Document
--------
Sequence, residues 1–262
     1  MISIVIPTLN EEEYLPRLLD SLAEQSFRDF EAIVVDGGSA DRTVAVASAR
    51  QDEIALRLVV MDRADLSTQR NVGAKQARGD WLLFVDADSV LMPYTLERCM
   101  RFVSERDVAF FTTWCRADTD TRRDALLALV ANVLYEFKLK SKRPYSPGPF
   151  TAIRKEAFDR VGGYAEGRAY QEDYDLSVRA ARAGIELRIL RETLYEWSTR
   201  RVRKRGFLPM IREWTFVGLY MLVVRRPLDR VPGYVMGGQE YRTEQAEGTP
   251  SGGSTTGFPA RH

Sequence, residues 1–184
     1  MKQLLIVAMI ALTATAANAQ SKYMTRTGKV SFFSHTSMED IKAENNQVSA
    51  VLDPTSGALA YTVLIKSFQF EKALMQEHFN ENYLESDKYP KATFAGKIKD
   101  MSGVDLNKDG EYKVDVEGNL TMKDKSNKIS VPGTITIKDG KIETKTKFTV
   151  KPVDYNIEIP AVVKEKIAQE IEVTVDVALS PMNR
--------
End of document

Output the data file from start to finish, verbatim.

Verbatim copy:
Sequence, residues 1–262
     1  MISIVIPTLN EEEYLPRLLD SLAEQSFRDF EAIVVDGGSA DRTVAVASAR
    51  QDEIALRLVV MDRADLSTQR NVGAKQARGD WLLFVDADSV LMPYTLERCM
   101  RFVSERDVAF FTTWCRADTD TRRDALLALV ANVLYEFKLK SKRPYSPGPF
   151  TAIRKEAFDR VGGYAEGRAY QEDYDLSVRA ARAGIELRIL RETLYEWSTR
   201  RVRKRGFLPM IREWTFVGLY MLVVRRPLDR VPGYVMGGQE YRTEQAEGTP
   251  SGGSTTGFPA RH

Sequence, residues 1–184
     1  MKQLLIVAMI ALTATAANAQ SKYMTRTGKV SFFSHTSMED IKAENNQVSA
    51  VLDPTSGALA YTVLIKSFQF EKALMQEHFN ENYLESDKYP KATFAGKIKD
   101  MSGVDLNKDG EYKVDVEGNL TMKDKSNKIS VPGTITIKDG KIETKTKFTV
   151  KPVDYNIEIP AVVKEKIAQE IEVTVDVALS PMNR